We spotted some questionable development decisions, too. Should the DefenceVPN really store your username and password in plain text in the Registry, for instance? That leaves it easily available for harvesting by malware, and might lead to criminals using your account for who-knows-what.
There's just a feeling of sloppiness, too, as in the alert which appears when you switch servers: 'You will be reconnected to your new selection.\n\nContinue?' (The developer intended the '\n\n' to represent a couple of new line characters, but didn't handle the text properly, and no-one noticed, either.)
While that's not a big issue in itself, it indicates a lack of attention to detail, and maybe testing, and that's a concern. What else might DefenceVPN have 'forgotten' to do when it sets up or manages your connection?
The company doesn't seem to care much, either, as its Windows service hasn't been updated since May 2017, and its client executable is dated December 2017. That suggests DefenceVPN has no in-house Windows development experience, and it's not keen on outsourcing any, either, so users will have to live with any bugs or issues for the foreseeable future.
The client handles the basics, at least. Connection times are acceptable; AES-256-CBC encryption does a good job of keeping you safe; it avoids DNS leaks by redirecting your requests through another service (although it's Cloudflare’s DNS, rather than DefenceVPN's own.)
The kill switch gives some protection. When we forcibly closed the client's connection, it warned us via a desktop notification, and instantly blocked our internet access. The client doesn't automatically reconnect, though, so you must do this yourself. And once you click Connect, the client immediately turns off the kill switch, leaving you unprotected until it establishes a new connection.
DefenceVPN's Android apps look a little prettier, mostly thanks to a map-based interface. It's even shorter on features, though, and a version number of 1.0 and a last update time of January 2018 also suggests there's no development or maintenance going on.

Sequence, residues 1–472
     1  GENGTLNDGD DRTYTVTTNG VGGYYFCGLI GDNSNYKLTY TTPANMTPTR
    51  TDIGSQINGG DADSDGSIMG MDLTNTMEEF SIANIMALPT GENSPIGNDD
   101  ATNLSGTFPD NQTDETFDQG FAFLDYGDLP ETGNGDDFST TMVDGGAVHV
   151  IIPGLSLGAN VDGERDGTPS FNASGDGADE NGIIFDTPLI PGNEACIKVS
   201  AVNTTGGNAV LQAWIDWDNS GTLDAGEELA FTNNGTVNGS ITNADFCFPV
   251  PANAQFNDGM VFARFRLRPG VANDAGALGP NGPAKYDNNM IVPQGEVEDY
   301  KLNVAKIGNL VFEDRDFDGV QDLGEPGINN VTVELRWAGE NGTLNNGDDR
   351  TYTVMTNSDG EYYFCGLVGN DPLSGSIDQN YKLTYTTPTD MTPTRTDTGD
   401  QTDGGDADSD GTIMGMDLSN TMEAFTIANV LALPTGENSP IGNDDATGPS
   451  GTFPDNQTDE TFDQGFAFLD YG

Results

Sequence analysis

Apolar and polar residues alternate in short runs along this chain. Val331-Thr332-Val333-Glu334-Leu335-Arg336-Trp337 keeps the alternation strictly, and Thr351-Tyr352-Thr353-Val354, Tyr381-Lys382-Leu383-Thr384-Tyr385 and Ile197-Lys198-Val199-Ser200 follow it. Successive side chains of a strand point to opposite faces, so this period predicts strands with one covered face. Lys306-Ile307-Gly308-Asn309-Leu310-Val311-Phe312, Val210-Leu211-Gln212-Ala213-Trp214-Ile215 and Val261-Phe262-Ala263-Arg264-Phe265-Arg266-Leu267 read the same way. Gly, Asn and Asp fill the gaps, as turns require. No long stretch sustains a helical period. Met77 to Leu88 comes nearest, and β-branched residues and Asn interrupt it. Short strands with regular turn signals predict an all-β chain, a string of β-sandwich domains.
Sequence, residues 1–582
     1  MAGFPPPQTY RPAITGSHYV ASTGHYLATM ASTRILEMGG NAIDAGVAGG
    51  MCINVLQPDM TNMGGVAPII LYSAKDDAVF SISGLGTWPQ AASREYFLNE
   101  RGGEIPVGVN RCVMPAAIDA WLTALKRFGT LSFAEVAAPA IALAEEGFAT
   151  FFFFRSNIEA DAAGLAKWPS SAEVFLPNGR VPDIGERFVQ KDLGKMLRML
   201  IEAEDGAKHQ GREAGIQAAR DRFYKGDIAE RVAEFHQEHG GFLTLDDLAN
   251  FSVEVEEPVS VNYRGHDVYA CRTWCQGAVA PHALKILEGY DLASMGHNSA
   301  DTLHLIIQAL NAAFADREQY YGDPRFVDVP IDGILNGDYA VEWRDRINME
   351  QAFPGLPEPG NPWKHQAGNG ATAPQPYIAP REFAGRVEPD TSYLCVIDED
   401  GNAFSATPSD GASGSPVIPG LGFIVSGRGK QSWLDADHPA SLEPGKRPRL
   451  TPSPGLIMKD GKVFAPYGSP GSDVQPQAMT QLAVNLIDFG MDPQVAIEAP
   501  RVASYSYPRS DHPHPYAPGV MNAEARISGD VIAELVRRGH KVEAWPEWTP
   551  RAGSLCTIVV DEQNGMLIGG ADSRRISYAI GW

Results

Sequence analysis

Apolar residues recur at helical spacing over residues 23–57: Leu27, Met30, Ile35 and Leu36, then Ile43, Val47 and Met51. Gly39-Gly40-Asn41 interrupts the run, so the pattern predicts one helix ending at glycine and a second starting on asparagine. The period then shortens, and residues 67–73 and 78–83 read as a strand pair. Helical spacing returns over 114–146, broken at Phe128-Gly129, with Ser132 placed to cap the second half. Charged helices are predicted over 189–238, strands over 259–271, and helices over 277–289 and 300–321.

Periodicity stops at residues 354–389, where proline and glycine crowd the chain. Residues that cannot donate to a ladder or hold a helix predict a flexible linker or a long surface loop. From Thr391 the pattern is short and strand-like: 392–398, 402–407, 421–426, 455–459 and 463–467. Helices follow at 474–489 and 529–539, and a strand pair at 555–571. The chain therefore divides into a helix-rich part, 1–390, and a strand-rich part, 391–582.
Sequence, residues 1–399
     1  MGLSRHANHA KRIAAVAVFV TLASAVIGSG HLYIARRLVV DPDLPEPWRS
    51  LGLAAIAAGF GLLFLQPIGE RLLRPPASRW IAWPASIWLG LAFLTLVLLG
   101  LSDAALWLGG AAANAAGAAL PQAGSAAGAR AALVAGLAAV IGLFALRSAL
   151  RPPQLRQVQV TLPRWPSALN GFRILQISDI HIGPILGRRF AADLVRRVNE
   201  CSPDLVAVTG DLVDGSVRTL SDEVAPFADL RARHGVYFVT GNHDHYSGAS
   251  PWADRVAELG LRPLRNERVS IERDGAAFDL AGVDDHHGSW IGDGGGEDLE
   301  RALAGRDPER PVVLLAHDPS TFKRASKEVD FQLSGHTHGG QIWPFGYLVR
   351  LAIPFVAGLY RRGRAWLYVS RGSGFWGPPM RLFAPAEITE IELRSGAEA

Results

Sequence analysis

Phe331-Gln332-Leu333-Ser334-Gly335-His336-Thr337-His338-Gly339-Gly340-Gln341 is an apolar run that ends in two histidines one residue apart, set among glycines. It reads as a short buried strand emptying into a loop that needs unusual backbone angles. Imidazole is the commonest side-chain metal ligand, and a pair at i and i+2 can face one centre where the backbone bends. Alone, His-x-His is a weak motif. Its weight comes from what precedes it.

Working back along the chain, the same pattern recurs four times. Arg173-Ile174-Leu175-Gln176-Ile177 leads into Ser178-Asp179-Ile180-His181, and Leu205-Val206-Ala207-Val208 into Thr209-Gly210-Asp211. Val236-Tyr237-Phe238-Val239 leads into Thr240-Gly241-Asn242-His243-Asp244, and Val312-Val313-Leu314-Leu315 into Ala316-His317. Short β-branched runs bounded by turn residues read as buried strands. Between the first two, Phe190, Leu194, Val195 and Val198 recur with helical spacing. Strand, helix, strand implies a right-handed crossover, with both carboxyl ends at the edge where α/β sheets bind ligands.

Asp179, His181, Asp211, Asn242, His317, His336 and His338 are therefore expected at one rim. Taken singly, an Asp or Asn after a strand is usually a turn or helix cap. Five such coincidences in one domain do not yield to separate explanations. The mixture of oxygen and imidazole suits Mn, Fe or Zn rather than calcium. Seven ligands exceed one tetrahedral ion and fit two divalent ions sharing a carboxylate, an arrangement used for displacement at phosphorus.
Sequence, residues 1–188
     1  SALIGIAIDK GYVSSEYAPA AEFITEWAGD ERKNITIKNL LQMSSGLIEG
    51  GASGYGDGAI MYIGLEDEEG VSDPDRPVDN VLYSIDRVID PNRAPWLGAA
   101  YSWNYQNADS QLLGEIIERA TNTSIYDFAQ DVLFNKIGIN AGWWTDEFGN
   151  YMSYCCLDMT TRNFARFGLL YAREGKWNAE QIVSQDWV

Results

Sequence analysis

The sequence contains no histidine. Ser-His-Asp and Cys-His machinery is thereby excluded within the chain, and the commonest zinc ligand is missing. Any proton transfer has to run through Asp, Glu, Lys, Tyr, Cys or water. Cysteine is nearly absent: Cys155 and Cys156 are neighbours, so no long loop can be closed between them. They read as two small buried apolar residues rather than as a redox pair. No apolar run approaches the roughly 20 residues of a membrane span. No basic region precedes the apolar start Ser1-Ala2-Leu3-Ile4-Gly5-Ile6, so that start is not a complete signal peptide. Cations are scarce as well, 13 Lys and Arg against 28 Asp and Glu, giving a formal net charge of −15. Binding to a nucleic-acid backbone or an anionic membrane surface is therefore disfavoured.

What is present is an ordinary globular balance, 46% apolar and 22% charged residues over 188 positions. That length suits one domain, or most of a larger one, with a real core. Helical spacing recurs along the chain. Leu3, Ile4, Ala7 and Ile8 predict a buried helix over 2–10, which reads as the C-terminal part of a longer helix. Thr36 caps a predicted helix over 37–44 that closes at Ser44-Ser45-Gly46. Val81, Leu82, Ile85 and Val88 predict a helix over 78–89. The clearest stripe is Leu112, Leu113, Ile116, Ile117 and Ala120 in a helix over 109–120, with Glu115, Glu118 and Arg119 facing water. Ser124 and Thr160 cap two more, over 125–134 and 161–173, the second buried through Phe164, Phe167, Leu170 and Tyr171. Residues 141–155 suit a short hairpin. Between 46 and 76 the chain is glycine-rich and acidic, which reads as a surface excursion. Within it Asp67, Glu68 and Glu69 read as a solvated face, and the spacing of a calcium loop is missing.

DefenceVPN says it has an iOS app, but when we checked the website, the links were all broken, and we couldn't find one separately. If you're looking specifically for iPhone protection, this isn't the service for you.
DefenceVPN claims it allows you to 'kiss restrictions goodbye and access all your favorite sites from anywhere in the world', but that wasn't our experience. It succeeded with US Netflix, an improvement on our last review, but we couldn't access content from BBC iPlayer, Amazon Prime Video or Disney+.
Download speeds were inconsistent, but generally below average. UK locations averaged 20-30bps on our 75Mbps test line, UK to US speeds ranged from 10-30Mbps, some servers refused to connect at all, others appeared to connect but then were almost unusable. We can't draw any firm conclusions from such a mixed picture, but this doesn't look good, and if you're tempted to sign up, be sure to run plenty of speed tests of your own.
The review ended on a better note as DefenceVPN passed our privacy tests, with no sign of any DNS leaks, but let's be realistic: that's not nearly enough to compensate for its other issues.
DefenceVPN does a good job of marketing its services, but is much worse at implementing them: it's short on features, apps are basic and haven't been updated in years, speeds are below par and there's no way it justifies its premium pricing. Keeping looking, you'll be much better off elsewhere. ExpressVPN it isnt.